23. 23. VALIDITY | MEASUREMENT THEORY | PROPERTIES 560°K 286.85°C 548.33°F 280°K 6.85°C 44.33°F • Ratio scales maintain equality, ordinality, interval, and ratio properties • Interval scales maintain equality, ordinality, and interval properties • Ordinal scales maintain equality and ordinality properties • Nominal scales maintain only equality properties Which properties does each measurement scale (i.e., Kelvin, Celsius, and Fahrenheit) possess?
  24. 24. VALIDITY | CONSTRUCT VALIDITY • Construct validity refers to the validity of a variable being measured. • Validity for constructs can be defined based on • One’s subjective evaluation of whether a measure matches the construct it is meant to measure (i.e. Translational validity). • How well the measure relates to other measures and characteristics (i.e. Criterion validity).
  25. 25. VALIDITY | CONSTRUCT | TRANSLATIONAL FACE VALIDITY CONTENT VALIDITY On “face value,” does the measure describe the construct well? Does the measure represent all the facets of a given construct?
  26. 26. ASSESSING TRANSLATION VALIDITY Face Validity Content Validity • “What does the question below measure?” • “Is there a better way to measure _________?” • “What additional questions do you think are needed to capture ___________?” • “Is there any element of ___________ missing from the questions above?” • Translationally, validity is often evaluated by so-called “experts.” However, you can involve participants in this process using participant interviews, focus groups, and even survey questions:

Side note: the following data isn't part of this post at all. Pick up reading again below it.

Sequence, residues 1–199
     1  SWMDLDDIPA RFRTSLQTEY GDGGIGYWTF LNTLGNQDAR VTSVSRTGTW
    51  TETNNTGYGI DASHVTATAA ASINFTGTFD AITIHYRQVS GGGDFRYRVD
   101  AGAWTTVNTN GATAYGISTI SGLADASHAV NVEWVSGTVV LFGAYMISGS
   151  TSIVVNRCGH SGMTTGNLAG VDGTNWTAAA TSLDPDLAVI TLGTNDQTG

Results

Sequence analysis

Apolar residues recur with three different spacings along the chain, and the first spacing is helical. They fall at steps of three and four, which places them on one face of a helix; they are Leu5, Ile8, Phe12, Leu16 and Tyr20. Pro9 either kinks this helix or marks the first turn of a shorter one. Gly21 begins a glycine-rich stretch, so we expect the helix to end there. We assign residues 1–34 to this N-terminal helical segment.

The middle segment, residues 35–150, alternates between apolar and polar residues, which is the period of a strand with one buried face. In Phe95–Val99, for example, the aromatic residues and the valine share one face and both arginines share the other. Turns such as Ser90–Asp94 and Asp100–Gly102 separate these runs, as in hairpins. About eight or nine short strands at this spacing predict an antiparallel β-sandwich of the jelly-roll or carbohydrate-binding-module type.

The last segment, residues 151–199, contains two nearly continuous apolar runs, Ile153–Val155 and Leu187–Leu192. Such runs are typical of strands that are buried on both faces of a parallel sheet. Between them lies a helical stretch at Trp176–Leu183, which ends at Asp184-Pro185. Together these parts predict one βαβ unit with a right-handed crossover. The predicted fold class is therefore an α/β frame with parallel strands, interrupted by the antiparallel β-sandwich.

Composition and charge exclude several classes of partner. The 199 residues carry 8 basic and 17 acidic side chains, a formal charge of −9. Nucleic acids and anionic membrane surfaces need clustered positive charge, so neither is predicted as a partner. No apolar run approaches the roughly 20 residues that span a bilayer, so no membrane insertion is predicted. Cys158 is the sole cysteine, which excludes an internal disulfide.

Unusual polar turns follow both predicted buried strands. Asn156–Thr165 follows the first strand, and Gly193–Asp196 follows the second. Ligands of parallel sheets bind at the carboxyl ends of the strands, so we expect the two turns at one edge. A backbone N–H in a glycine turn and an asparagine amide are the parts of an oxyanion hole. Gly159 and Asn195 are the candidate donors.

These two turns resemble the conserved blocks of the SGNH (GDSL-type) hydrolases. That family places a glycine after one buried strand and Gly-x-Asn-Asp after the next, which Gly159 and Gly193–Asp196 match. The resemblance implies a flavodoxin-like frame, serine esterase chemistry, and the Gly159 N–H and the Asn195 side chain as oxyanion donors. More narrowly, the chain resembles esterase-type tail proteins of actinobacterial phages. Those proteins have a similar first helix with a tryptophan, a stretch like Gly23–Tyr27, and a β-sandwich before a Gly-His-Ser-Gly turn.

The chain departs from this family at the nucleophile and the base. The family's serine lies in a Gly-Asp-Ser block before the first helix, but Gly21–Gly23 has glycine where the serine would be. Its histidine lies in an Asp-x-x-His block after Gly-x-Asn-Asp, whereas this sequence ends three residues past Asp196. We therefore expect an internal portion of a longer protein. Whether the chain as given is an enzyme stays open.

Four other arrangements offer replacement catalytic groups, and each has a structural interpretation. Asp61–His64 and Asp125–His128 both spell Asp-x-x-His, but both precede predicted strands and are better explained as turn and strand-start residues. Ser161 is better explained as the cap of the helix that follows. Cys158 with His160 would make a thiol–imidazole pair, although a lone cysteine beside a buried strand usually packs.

27. 27. WARNING ABOUT FACE VALIDITY • A test can appear to be invalid but actually be perfectly valid. • This may be due to strong correlation between the construct being measured and the items used to measure it. • A test that does not have face validity may be confuse participants. • Other researchers may not be willing to use a test if it does not have face validity.
  28. 28. WARNING ABOUT CONTENT VALIDITY • In practice, few measures capture every dimension of a construct. Researchers therefore often rely on a limited subset of variables that capture each dimension “well enough.” • Content under-representation occurs when important areas are missed. • Construct-irrelevant variation occurs when irrelevant factors contaminate the test.
  29. 29. PREDICTIVE AND CONCURRENT VALIDITY • Concurrent validity is assessed by comparing two related measures completed at the same time. • Predictive validity is assessed by examining the ability of a test to predict some event that occurs in the real world.